By Jeremy Essig
By Jason Robinson
By Hans Morgenstern
By Joseph Hess
By Peter Gilstrap
By Julia Burch
By Jeremy Essig
By Nathan Smith
Thanks to heavy airplay on 100.3 The Beat, where Kaos is a popular DJ, and lots of club action, Out Here spawned several massive dance hits -- "Lemmehollaatcha," "Urbody N Da Club Up" and "My Block 2 Yo Block -- and topped the sales charts of several local record stores for months on end ["Radar Station," May 29, 2002]. But when Da Hol' 9 signed to MCA, they had to pull all the copies of Out Here from record-store shelves. For the four months the duo were under contract, they were put on indefinite hold while the suits scrambled to hype new releases by established stars such as Erykah Badu, Common and Snoop Dogg. In the meantime, customers were frustrated, and Da Hol' 9 lost momentum; in an industry that values novelty above all else, a year's delay spells doom. Luckily, MCA released them from the contract, sparing them from the fate of countless fucked-over also-rans, and Da Hol' 9 decided to give up on pursuing an artist's contract, focusing instead on snagging a major-label distribution deal for Hella Thurl (for those of you who aren't fluent in Ebonics, the corporation's name means "very thorough"). "You don't have to go to a major label and let them take 80 percent of your profits," Kemo explained at a recent press conference. "You have to be ready to worry about something beyond being a star."
"We'll have record labels coming out of the woodwork," Kaos added. He and the 10-member staff of Hella Thurl predict That Hella Thurl Shit!, which contains all the hits from the debut CD plus some remixes and new tracks, will sell 30,000 units the first week after it's released (on March 18) and a total of 100,000 units by the end of the year. Yeah, talk is cheap, but Radar Station won't be shocked if they pull it off. We've been crazy about Da Hol' 9 from the get-go, of course, and, as the St. Louis American's Delores Shanté has politely submitted, we may be a tad optimistic in our predictions, too. But we'll put their hottest tracks up against anything by Lil' Jon and the East Side Boyz or Three Six Mafia, and life is indeed an empty lie if the world outside of St. Louis refuses to acknowledge Da Hol' 9's supreme crunkness.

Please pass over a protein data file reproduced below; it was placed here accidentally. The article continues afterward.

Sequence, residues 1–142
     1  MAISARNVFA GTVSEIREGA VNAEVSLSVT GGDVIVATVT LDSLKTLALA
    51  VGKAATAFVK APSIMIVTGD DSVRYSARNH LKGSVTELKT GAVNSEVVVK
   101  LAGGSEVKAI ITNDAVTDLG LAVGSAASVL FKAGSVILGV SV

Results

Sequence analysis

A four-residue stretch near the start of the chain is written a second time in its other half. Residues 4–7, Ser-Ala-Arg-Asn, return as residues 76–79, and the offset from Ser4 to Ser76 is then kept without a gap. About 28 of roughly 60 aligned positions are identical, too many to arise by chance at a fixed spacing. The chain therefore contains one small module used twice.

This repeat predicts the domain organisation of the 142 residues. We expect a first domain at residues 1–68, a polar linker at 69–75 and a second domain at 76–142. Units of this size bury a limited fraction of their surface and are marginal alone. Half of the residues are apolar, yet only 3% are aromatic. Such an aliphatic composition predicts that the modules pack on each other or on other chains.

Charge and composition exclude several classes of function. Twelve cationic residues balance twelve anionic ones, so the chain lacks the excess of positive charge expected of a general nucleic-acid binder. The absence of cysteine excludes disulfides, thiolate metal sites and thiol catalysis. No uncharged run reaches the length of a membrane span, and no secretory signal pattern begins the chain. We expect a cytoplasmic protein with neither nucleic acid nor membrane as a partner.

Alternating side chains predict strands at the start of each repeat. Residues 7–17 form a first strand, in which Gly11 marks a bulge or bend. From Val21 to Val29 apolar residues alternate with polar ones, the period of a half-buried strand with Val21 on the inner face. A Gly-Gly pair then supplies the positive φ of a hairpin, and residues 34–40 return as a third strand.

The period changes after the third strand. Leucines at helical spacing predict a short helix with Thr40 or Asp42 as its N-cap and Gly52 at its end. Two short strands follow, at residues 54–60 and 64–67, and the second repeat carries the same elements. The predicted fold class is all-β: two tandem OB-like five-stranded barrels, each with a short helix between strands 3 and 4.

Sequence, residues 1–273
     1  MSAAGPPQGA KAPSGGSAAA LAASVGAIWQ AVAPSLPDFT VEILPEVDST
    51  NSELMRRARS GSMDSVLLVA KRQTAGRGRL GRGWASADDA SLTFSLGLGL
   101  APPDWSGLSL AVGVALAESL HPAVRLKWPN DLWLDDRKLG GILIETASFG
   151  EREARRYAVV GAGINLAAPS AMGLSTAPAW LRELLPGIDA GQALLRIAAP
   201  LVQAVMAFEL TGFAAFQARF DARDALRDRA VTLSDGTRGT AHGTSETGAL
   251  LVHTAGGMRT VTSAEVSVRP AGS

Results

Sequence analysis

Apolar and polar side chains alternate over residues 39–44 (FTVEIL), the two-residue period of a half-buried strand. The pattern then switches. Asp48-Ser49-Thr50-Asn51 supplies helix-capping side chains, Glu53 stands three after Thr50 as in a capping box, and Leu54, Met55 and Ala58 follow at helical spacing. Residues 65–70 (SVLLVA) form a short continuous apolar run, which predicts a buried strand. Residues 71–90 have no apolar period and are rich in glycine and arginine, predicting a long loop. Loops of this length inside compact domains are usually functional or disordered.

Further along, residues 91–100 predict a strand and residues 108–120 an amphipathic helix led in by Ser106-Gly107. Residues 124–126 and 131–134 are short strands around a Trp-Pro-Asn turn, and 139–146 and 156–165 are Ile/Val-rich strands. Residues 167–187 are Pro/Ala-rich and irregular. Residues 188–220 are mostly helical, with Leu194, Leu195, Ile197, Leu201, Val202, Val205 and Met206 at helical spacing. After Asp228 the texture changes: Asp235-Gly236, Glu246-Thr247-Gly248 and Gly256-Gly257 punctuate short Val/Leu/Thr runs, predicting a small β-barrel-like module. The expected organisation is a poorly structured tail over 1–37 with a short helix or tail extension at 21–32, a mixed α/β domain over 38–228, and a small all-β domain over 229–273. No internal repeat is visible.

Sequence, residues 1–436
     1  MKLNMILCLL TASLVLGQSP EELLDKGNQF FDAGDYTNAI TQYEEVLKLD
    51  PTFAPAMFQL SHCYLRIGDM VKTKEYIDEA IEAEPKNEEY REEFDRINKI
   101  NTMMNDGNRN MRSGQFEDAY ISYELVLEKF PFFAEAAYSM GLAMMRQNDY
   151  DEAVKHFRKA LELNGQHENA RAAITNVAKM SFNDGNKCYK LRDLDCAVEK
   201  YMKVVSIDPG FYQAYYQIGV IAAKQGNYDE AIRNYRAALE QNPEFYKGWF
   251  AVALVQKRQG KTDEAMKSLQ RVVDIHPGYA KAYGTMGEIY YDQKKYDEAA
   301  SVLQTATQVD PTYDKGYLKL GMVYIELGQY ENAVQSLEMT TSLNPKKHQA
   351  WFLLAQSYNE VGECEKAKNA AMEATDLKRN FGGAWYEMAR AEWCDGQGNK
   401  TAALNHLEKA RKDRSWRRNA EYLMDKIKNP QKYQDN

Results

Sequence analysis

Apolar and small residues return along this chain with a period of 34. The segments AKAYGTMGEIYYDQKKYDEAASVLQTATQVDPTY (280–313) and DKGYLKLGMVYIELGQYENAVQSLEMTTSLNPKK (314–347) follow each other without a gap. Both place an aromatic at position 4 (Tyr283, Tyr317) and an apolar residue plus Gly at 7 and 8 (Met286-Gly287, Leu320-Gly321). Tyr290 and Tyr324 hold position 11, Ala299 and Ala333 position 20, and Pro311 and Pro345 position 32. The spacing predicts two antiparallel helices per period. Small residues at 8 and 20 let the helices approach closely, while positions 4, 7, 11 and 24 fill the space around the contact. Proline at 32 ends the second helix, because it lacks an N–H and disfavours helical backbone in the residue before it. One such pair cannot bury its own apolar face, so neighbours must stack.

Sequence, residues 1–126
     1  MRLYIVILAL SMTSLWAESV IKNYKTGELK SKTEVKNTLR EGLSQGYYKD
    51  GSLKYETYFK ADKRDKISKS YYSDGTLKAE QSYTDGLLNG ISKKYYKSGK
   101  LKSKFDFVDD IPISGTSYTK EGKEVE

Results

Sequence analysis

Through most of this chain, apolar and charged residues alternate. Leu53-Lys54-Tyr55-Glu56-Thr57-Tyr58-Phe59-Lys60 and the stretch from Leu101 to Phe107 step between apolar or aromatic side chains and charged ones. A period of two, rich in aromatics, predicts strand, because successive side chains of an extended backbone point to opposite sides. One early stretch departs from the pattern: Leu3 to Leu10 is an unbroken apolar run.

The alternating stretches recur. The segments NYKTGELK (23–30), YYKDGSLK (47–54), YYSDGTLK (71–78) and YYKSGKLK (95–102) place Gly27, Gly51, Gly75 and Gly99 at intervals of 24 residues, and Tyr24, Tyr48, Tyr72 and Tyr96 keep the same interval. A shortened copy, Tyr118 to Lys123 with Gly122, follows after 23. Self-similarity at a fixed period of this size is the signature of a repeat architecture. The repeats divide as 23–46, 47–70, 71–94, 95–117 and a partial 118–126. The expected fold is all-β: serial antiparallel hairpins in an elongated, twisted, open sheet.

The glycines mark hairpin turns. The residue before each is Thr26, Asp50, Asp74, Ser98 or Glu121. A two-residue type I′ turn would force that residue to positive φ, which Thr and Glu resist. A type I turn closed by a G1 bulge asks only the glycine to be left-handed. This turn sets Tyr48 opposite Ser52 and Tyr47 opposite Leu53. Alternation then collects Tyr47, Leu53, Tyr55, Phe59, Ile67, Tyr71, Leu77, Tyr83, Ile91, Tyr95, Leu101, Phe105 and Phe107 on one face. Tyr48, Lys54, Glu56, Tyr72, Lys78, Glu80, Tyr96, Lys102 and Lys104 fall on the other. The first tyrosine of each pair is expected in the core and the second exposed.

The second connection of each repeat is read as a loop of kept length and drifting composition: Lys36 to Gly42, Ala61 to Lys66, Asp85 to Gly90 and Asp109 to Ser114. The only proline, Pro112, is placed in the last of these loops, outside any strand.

Plus, in Kemo's opinion, they've got something for everyone -- the hustlers, the ballers and the ladies. Especially the ladies, because, as Kaos says, "Women buy records. Us guys, we burn 'em."
Our belated congrats to Nelly on his first two Grammy wins (for Best Rap/Sung Collaboration and Best Male Rap Solo Performance), neither of which the heartless bastards of CBS saw fit to broadcast. Evidently the programming honchos didn't deem our beloved cuddlethug's acceptance speeches quite as entertaining as the excruciating medley by James "Marked for Death" Taylor, Vanessa "I Deserve to Lose to Norah Jones" Carlton and John "I Have a Dave-Matthews-Sized Load of Crap in My Pretty Bum That I'm Straining to Dislodge" Mayer.
We did get to see Nelly perform a pyrotechnic-enhanced medley of his winning songs, featuring a gaggle of coochie queens shaking their bikini-clad asses and a dazed-looking Kelly Rowland caterwauling like a wounded sea lion. As much as it pains us to say, we have to agree with the legions of Q95.5 callers and pronounce the performance unredeemably wack, but, hey, he still deserved to win. Plus, the embarrassing spectacle seemed worthwhile when some genius/practical joker of a cameraman decided to zoom in on Yoko Ono's face during the applause afterwards. (Because when you think "hip-hop," you immediately think "Yoko," right?) Ono, predictably, was not amused -- in fact, she looked downright nauseated -- and Radar Station had our second-best laugh of the evening. (In case you're wondering, we directed our hardest guffaws at Fred "I Think We're All in Agreeance" Durst.)